Some argue though that family closeness has long been disappearing in American society. The family as it was in the mid 1900s is slowly disappearing. Respect which was something that was huge in my grandparents childhood, is something that today is important but not in the same way. The reason this is crucial is because every culture has a sense of responsibility to the dead, and it feels that sometimes Latin people, Cubans in particular tend to loose track at the funeral ceremony and turn it into a party. At the wake the food, drinks, and gossip are more central the deceased.
My mother and father have been to countless funerals, and they are all the same. They have the same setting the same behaviors and the same attributes. Essentially some of the main changes are only in the faces of the people who attend the wakes and burials.
So basically from the time of my grandparents, through my parents, down to my sister and my generation things have changed. Change is good though, it shows that our family was able to come to this country and become accustomed to many of the American customs this country has to offer. My grandparents argue that there is a lack of reverence for the dead, I beg to differ. I think my generation has just changed the boundaries of how one pays their respects.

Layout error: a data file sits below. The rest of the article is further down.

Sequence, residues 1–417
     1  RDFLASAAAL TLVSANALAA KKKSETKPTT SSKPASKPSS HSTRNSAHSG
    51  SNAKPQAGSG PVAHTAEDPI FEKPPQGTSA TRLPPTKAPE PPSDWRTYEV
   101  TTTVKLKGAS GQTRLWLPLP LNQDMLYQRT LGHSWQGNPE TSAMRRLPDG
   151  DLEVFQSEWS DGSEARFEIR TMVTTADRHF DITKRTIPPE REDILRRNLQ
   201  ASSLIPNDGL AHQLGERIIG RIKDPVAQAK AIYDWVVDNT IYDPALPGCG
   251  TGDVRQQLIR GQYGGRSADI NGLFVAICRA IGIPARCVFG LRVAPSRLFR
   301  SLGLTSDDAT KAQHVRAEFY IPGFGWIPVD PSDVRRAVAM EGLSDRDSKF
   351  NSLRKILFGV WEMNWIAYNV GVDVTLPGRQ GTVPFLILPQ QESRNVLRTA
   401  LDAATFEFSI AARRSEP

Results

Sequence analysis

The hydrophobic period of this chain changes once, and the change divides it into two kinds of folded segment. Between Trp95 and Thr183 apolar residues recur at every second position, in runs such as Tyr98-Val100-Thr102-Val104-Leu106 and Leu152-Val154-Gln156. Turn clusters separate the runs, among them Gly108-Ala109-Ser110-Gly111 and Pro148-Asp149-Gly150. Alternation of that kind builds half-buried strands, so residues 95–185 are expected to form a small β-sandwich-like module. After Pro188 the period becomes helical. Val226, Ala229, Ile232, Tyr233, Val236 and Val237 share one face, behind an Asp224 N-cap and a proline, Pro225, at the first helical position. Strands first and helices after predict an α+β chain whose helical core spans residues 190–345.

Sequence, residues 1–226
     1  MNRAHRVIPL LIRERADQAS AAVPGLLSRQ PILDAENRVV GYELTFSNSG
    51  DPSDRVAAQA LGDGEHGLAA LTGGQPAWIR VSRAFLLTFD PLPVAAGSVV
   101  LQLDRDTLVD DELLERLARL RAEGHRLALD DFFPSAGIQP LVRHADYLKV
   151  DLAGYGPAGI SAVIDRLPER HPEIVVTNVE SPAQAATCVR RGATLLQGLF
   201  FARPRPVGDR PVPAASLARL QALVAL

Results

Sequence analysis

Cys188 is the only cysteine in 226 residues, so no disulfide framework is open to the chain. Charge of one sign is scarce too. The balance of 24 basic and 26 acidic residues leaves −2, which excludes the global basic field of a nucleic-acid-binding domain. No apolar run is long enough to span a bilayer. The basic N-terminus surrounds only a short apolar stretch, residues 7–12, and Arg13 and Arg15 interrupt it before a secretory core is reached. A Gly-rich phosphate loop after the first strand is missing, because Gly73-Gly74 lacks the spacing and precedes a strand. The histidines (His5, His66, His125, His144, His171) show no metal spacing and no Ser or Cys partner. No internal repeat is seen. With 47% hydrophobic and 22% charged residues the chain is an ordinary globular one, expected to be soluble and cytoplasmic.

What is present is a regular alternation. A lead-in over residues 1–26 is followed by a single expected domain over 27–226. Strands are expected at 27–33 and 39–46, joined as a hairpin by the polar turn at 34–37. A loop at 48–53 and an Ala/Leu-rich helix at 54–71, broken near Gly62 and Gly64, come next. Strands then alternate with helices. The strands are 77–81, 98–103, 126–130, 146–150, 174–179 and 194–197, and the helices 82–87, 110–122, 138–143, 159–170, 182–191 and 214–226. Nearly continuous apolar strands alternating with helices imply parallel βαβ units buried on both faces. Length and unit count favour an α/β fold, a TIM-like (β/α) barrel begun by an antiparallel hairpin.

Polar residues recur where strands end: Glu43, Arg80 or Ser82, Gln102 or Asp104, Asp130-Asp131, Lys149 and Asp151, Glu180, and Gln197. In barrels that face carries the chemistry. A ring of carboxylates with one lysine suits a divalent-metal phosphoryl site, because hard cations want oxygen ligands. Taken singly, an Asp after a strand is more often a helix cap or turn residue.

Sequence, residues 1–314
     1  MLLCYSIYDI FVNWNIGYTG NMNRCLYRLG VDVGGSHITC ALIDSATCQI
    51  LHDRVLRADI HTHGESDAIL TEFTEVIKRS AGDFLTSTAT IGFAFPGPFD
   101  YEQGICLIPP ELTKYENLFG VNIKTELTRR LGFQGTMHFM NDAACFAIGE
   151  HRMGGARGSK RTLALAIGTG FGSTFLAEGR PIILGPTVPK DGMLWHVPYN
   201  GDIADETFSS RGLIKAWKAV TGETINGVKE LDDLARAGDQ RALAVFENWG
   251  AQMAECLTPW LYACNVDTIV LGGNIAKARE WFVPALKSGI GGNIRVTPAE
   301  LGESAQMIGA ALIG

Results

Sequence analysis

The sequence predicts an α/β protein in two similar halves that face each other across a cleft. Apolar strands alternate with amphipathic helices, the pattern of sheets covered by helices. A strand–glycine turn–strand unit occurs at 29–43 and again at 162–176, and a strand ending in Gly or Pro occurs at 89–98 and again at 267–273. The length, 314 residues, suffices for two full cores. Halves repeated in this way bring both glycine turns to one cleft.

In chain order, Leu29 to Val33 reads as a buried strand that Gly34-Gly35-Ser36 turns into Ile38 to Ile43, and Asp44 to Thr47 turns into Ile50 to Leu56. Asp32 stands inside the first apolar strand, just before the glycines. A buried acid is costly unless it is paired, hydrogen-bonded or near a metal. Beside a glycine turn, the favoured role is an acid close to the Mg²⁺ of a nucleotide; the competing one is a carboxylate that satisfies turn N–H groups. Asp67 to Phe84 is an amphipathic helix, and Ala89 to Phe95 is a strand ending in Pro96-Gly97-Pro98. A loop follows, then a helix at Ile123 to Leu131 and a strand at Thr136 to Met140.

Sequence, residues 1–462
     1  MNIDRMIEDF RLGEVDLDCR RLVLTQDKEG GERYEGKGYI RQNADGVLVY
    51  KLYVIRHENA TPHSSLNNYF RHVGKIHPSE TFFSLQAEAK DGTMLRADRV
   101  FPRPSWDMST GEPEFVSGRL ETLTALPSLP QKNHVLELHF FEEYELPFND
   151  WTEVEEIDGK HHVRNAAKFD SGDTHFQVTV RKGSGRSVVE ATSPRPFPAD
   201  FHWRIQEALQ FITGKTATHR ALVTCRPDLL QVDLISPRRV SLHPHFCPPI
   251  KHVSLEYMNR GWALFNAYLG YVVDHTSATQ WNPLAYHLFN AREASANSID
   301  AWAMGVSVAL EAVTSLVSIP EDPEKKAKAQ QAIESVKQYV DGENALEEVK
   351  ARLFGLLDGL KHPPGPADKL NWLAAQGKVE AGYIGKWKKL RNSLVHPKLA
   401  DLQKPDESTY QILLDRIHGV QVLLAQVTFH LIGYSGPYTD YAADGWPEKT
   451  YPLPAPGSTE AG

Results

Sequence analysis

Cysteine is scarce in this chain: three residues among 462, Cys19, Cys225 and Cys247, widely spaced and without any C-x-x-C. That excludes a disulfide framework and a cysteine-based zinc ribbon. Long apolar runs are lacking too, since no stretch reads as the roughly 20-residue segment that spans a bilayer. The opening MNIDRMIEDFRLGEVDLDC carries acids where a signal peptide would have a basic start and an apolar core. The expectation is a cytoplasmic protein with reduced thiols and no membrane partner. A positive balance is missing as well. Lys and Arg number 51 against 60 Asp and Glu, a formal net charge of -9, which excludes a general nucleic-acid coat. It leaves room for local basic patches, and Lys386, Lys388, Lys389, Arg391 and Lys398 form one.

In the end the three different changes in my families funeral practices all tie in together. Together they represent a new era in the way things are done at the funerals of our family members. In the end the way things are now is not how they will be three generations from now. They will change. Many things will come and go. One of those things being the way we behave and revere the dead at funerals. Only three things remain certain death, taxes, and change.